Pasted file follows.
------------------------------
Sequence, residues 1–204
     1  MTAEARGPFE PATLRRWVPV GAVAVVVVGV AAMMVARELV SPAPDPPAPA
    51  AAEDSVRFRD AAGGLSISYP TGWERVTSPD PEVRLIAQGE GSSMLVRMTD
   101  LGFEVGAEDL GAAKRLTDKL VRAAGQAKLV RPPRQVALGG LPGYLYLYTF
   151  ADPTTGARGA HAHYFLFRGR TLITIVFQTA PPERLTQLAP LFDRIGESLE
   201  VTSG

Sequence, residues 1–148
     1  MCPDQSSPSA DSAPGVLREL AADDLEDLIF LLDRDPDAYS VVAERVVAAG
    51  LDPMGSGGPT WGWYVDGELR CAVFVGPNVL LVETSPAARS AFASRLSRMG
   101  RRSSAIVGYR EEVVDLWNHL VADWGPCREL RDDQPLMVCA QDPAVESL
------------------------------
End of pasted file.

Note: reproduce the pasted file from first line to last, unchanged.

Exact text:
Sequence, residues 1–204
     1  MTAEARGPFE PATLRRWVPV GAVAVVVVGV AAMMVARELV SPAPDPPAPA
    51  AAEDSVRFRD AAGGLSISYP TGWERVTSPD PEVRLIAQGE GSSMLVRMTD
   101  LGFEVGAEDL GAAKRLTDKL VRAAGQAKLV RPPRQVALGG LPGYLYLYTF
   151  ADPTTGARGA HAHYFLFRGR TLITIVFQTA PPERLTQLAP LFDRIGESLE
   201  VTSG

Sequence, residues 1–148
     1  MCPDQSSPSA DSAPGVLREL AADDLEDLIF LLDRDPDAYS VVAERVVAAG
    51  LDPMGSGGPT WGWYVDGELR CAVFVGPNVL LVETSPAARS AFASRLSRMG
   101  RRSSAIVGYR EEVVDLWNHL VADWGPCREL RDDQPLMVCA QDPAVESL